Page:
For PML‐RARα DNA real‐time PCR, DNA was extracted using QIAamp DNA Micro kit (Qiagen) and quantified as previously described (Nasr et al, 2008). 18S was used as internal control.
Methylcellulose colony‐forming assays
For human cell lines, 5 × 103 cells were resuspended in Human Methylcellulose Base Media (R&D) and plated in 35‐mm culture dishes. Cells were allowed to grow for 7–10 days and then colonies were pooled, counted, and 5 × 103 cells were re‐seeded for re‐plating experiments. When indicated Zn (100 μM) was added to the methylcellulose medium. In pre‐treatment experiments (Fig 4B), NB4 cells were treated in liquid medium with ATRA (1 μM) for 24 h and plated in methylcellulose after drugs washout. In CFU‐L experiments of BM cells from leukemic mice, 3 × 104 cells were seeded in MethoCult® GF Medium (STEMCELL Technologies) 24 h after transfection with EZN‐3088 and EZN‐2968, and colonies were counted 7–10 days after plating.
For human cell lines, 1 × 106 cells were seeded in the upper chamber of a transwell 6.5‐mm diameter and 5‐μM pore (Costar). Cells in the lower chamber were counted by flow cytometer as number of cells acquired per minute (LSR II Beckton Dickinson) 16 h after seeding for NB4 cells and 2.5 h after seeding for U937‐PR9 and U937‐MT cells. For migration experiments of BM leukemic cells 1.25 × 105 mouse leukemia cells were seeded 24 h after electroporation and migration was assessed after 4 h.
Rag2−/−γc−/− immunocompromised mice were maintained in pathogen‐free animal facility and treated in accordance with European Union guidelines. All animal protocols were approved by the Institutional Animal Care and Use Commitee (IACUC).
For homing experiments, mice were injected intravenously (i.v.) with 5 × 106 NB4 cells (shCTRL or shHIF‐1α) and euthanized after 16 h. BM samples were stained with anti‐human CD13 antibody. For survival experiments, mice were challenged i.v. with 7 × 105 NB4 cells (shCTRL or shHIFs) and sacrificed when terminally sick.
Transduction of Lin‐ BM cells from 129Sv mice with a modified retroviral vector (pBABE backbone with ΔNGFR as a reporter) expressing PML‐RARα was performed as previously described (Minucci et al, 2002). ΔNGFR‐sorted cells (1 × 106) were inoculated i.v. into lethally irradiated syngeneic mice. Mice were monitored periodically for clinical signs of disease and leukocytosis. When terminally sick, animals were sacrificed and 1 × 106 leukemic BM cells were inoculated into syngeneic recipients.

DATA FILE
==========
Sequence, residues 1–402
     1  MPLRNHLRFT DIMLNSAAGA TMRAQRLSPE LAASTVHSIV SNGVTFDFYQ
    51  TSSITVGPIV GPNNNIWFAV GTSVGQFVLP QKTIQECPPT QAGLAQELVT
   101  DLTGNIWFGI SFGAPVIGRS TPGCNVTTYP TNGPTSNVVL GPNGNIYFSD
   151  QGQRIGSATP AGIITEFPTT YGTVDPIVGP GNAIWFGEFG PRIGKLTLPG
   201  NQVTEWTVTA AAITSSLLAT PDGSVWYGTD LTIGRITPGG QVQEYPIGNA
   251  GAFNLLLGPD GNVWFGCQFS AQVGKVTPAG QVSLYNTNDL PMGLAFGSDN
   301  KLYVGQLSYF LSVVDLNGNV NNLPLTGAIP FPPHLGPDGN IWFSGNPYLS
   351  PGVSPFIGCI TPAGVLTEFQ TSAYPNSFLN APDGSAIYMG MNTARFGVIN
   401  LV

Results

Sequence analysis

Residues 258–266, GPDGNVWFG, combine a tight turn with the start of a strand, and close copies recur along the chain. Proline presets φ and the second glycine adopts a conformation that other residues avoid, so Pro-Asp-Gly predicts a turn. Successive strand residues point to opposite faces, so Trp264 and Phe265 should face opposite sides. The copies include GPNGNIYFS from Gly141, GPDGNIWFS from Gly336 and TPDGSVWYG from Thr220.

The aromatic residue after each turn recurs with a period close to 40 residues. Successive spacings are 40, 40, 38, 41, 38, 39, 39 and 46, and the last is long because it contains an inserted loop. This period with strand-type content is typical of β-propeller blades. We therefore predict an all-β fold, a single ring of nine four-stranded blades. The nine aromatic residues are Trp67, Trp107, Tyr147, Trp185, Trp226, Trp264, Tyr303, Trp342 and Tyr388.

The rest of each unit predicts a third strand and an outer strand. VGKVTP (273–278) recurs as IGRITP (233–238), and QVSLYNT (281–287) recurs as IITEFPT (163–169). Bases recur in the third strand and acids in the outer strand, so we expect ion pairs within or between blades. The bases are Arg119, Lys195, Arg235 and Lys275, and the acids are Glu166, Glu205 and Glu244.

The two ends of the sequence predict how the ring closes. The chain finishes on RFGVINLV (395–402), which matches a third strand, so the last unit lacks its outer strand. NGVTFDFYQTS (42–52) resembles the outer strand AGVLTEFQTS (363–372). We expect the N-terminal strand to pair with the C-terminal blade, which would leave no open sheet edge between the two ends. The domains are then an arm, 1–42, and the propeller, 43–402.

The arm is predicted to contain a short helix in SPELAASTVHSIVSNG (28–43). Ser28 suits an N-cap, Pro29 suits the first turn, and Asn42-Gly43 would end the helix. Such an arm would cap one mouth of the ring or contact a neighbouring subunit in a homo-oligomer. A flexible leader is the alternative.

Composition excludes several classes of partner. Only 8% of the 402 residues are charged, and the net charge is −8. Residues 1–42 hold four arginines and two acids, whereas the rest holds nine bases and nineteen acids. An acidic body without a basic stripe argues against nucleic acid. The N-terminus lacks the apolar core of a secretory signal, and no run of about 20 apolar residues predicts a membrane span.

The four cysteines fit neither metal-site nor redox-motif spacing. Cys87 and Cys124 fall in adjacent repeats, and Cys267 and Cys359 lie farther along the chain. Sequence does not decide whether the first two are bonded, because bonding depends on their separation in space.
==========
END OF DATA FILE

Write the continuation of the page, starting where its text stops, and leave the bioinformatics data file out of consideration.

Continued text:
Mouse APL cells were transfected ex vivo with EZN‐2968 and EZN‐3088 in an Amaxa™ 4D‐Nucleofector™ System (Lonza) and transplanted into syngeneic mice 24 h after transfection. 1 × 106 live cells per recipient mouse were transplanted for the experiments in Fig 4F and G. For the experiments of Fig 4H, 5 × 105 cells transfected with EZN‐2968 or EZN‐3088 were transplanted in 4 mice/cohort, and mice were treated with ATRA for 4 consecutive days at day 21 after leukemia challenge, when control animals showed leukemia involvement in BM. Second transplantation was performed with 1 × 106 cells. ATRA was administered by subcutaneous implantation of 2 release pellets (5 mg each).
Two‐sided t‐tests were used to validate the significance of the data analyzed and considered statistically significant when P < 0.05. For survival experiments, Kaplan–Meier curves were analyzed with the Mantel–Cox test.
mRNA expression data
We used the publicly available datasets GSE1729 (Gutierrez et al, 2005), GSE1159 (Valk et al, 2004) and GSE19556 (Theilgaard‐Monch et al, 2005) from the NIH Gene Expression Omnibus repository to select mRNA expression data of APL BM samples (n = 25) and normal promyelocytes (n = 3). The experimental platform was Affymetrix GeneChip Human Genome HG‐U133A for all the samples. Raw data (retrieved as * CEL files) were pre‐processed using the GCRMA library (Wu & Irizarry, 2004) of the Bioconductor project in the R environment.
To compare the expression levels of HIF‐1α and HIF‐2α (EPAS1), we retrieved CD34+ (n = 5) and APL (n = 14) samples from the publicly available dataset GSE12662 (Payton et al 2009), containing data acquired by means of the Affymetrix HG‐U133 Plus 2.0 Array.